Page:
Millions face “cliff-edge” when new Chancellor cuts energy subsidy

Millions face “cliff-edge” when new Chancellor cuts energy subsidy

After Jeremy Hunt abruptly reduced the Government’s support program from two years to six months, millions of homes will experience a “cliff-edge” of skyrocketing energy costs in 2019.

The program, which seeks to keep typical annual family expenses under £2,500 despite skyrocketing energy prices, will be overhauled in April, the incoming Chancellor said yesterday.

Analysts cautioned that the change might cause some families’ average expenses to treble to more over £5,000.

In order to calm the markets following the upheaval caused by last month’s “mini-Budget,” Mr. Hunt made the announcement in the midst of the cancellation of £32 billion in tax cuts.

Speaking in the Commons, he also wouldn’t rule out raising windfall taxes on oil and gas industry revenues in order to fill the public finances’ gaping vacuum with additional funding.

Prime Minister Liz Truss’ decision would be another embarrassing U-turn after she last month decided against enacting extra windfall taxes because she believed it would discourage economic investment.

However, Mr. Hunt assured lawmakers that he was not opposed to the idea of taxing revenues that were really windfalls. There are no off limits topics.

Yesterday, Treasury officials were frantically trying to come up with a new price guarantee program that would probably be means-tested. All families were supposed to be subject to the present system until 2024.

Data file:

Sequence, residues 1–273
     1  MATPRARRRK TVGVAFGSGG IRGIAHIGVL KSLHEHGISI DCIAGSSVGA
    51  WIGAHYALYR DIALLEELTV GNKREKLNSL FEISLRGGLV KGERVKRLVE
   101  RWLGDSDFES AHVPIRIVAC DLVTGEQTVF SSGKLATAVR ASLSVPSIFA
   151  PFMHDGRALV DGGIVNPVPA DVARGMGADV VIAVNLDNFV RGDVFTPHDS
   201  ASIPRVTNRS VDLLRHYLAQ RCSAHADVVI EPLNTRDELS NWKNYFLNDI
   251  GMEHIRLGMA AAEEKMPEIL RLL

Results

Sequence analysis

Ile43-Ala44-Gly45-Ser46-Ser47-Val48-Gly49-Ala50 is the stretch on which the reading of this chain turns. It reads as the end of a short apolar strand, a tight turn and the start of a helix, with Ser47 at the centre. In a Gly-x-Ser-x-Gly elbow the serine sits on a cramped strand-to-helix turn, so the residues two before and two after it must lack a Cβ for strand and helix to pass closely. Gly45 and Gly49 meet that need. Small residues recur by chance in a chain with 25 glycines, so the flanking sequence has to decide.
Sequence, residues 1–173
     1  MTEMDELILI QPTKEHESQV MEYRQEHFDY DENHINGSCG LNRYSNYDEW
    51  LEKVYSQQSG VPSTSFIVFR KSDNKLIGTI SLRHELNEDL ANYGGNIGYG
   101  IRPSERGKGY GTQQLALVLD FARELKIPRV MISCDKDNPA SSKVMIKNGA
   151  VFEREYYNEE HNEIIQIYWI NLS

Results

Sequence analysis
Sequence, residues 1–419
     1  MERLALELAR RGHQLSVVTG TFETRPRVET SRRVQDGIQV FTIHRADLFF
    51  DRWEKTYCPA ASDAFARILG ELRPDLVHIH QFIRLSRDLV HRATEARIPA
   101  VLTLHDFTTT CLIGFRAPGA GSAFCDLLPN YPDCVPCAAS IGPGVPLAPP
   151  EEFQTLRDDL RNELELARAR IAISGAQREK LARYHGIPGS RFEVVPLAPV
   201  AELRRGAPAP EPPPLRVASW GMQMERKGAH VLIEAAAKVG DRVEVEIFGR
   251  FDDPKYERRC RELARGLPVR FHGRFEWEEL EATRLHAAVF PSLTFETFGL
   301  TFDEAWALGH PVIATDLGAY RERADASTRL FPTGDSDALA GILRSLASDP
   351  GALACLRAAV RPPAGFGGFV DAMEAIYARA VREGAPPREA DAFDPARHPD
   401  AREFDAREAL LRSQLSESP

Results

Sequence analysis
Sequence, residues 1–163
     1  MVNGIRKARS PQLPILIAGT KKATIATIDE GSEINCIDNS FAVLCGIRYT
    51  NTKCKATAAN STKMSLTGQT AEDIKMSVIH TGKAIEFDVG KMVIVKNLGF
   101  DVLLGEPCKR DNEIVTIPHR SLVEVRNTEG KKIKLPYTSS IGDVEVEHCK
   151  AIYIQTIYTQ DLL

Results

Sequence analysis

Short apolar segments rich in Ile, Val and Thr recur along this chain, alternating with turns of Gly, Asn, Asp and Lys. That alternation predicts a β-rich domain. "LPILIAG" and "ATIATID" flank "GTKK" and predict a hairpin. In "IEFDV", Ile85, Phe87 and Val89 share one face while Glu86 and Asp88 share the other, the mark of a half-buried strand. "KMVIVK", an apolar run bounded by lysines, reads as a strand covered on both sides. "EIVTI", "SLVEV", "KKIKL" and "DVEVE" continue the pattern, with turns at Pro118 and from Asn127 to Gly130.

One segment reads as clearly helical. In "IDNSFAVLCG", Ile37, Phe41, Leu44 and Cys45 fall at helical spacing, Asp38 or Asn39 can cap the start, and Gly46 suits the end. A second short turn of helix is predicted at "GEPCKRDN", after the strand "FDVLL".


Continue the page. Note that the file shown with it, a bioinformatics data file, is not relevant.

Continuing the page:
Reduced funding, according to the Resolution Foundation think tank, may result in savings of up to £40 billion in 2019. (2023-24). According to industry estimates, the prior two-year plan may have cost between £70 billion and £140 billion, depending on the gas wholesale price.

Mr. Hunt promised that ministers will keep helping society’s most helpless members. According to him, “the goal is to develop a new strategy that will dramatically reduce taxpayer costs while guaranteeing ample help for those in need.”

The Chancellor stated that help for firms would also be more targeted.

Following the revelation, Labour launched an offensive. Miss Truss has often criticized the party for calling for the expansion of windfall taxes on energy revenues as well as for proposing help for home bills lasting just six months.

The Commons business, energy, and industrial policy committee’s Labour chairman, Darren Jones, said: “We have long argued for the targeting of public monies to those who need it most.

Any reduction in assistance for all bill payers should be gradual rather than abrupt.

According to Mike Foster, CEO of the Energy and Utilities Alliance, the action “will add significant financial pressure on individuals already struggling to pay their bills, along with the fact that promised tax savings have now been removed.”

John Palmer of the senior charity Independent Age said: “Today, instead of delivering stability, simply supplied uncertainty.” National Energy Action characterized the situation for homes as one of “great uncertainty.”

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